In the late 1990s and early 2000s, the Washington region was a bed for reggae, the band said, offering a revolving door for Jamaican and international touring artists, as well as other Caribbean artists stationed in the zone. There was a good reggae show to watch any weekend.
SOJA became part of that scene itself, playing places on U Street like State of the Union and Kaffa House. It was in those days that they met Saray Israel, who long ago earned the title of “Food Queen of Baltimore,” for her constant presence helping to feed musicians at concerts and events.
Israel told the Washington Post that it still remembers the first time it heard SOJA playing at a venue not far from the 9:30 club and he thought, “Hey, who are these guys?”
SOYA – NoVa reggae becomes global and back again
Today, many of the stages where SOJA and other reggae artists performed before have closed their doors or transformed as DC has done. The music scene in the area, a historic haven for punk, has changed, beyond reggae, with a price and digitization thanks to a revolution in home recording technology and a cost of living that has shot up.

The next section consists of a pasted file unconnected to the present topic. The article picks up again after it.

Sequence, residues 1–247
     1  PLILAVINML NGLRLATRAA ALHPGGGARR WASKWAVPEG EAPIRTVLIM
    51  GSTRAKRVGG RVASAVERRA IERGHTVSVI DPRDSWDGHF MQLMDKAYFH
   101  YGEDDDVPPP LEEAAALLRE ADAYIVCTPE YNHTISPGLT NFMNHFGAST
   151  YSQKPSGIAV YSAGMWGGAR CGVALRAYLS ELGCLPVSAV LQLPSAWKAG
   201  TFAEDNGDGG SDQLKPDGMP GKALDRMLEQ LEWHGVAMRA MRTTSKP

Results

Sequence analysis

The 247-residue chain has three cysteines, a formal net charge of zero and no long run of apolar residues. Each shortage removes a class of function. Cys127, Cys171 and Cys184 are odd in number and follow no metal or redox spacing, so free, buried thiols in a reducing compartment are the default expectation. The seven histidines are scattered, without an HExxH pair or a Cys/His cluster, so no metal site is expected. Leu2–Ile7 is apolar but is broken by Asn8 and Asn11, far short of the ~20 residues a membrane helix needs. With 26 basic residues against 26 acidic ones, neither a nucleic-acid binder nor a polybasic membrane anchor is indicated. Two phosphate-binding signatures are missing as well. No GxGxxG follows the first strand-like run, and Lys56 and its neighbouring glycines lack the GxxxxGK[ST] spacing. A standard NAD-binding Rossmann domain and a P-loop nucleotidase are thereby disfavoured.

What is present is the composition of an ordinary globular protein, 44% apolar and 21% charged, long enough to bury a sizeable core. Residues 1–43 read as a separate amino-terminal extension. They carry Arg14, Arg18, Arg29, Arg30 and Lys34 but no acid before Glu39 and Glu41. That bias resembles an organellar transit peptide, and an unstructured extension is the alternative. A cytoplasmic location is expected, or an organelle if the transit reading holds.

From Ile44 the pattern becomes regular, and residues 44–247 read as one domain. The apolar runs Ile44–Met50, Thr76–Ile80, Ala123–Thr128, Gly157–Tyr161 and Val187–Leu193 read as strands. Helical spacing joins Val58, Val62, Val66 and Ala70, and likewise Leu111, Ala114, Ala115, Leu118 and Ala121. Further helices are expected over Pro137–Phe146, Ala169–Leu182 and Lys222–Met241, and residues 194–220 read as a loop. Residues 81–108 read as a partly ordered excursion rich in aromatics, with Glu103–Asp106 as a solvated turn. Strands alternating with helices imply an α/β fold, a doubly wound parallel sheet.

“The Arlington scene is very difficult for a lot of musicians because of the rents here. It’s a very expensive area,” said Don Zientara, a punk producer, musician and former owner of Inner Ear Studio, the legendary Arlington recording studio that closed for good last year.
Zientara had recorded SOYA on Inner Ear a few years ago.
“They’re a very close-knit band,” he said, “which is unique in that many bands really get along like brothers.